There are several prominent takeaways from an in-depth and reflective media article written earlier this year on the topic of earthquakes in Oklahoma.
Undoubtedly, this tops the list: Earthquake occurrences and attendant quake damage comprise a very real threat to residents across the state.
Support for that unfortunate reality is myriad and multi-sourced, and readily buttressed by scientists from the U.S. Geological Survey. They recently posited that millions of Oklahomans live in areas having a “significant potential for serious seismic activity and damaging results.
Logically, that might call out for safeguards accorded through earthquake insurance, which, reportedly, hundreds of thousands of residents have purchased. One of them is Oklahoma Insurance Commissioner John Doak, who strongly urges policy protection for families and businesses across the state, saying that self insuring is a bad idea and could even lead to bankruptcy.
A troublesome question for many quake policyholders who have sought to secure peace of mind through policy purchases, though, has been this: “How can I collect for a loss?”
And, indeed, that seems a most logical query, given insurers’ notably dismal track record in paying out on quake-related loss claims. Here are some telling statistics:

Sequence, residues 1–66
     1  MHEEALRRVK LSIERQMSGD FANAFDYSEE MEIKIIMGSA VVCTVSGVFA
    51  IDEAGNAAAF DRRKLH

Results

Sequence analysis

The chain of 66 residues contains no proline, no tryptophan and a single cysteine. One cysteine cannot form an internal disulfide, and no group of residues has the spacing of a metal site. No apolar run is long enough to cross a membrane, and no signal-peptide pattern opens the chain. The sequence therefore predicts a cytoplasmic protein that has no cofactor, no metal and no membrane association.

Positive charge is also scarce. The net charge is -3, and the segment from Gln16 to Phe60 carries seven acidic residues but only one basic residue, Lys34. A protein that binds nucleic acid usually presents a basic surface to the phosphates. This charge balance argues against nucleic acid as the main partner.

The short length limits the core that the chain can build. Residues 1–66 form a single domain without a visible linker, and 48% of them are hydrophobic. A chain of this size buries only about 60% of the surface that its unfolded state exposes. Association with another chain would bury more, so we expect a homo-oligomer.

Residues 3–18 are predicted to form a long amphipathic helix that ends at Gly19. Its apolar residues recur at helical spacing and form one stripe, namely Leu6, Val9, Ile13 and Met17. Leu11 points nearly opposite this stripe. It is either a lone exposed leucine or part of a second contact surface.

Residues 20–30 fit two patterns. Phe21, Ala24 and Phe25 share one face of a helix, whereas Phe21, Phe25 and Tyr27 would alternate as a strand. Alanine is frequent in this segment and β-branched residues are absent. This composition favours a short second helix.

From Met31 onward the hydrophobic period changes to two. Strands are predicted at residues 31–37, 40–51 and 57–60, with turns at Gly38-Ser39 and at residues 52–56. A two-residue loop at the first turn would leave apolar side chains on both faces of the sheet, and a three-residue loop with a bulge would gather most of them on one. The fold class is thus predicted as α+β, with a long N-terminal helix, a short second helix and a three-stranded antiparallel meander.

- Over a multi-year period, insurers have raked in $211 million on quake policies, yet paid out only $5 million on damage claims
- Only about 16 percent of claimants suffering losses over that period have been paid anything at all
The payout rate is so low, say Oklahoma insurance officials, because policies are intended to safeguard against only catastrophic damage.
Judging from the impressively high rejection rates, many state policyholders might be wondering what threshold level of damage and destruction must be realized to qualify as “catastrophic.”
Policyholders with questions or concerns regarding policy particulars, a recalcitrant insurer response, a denied claim or other related matter might reasonably want to consult with a proven claimants’ insurance attorney for guidance and, when necessary, strong legal representation.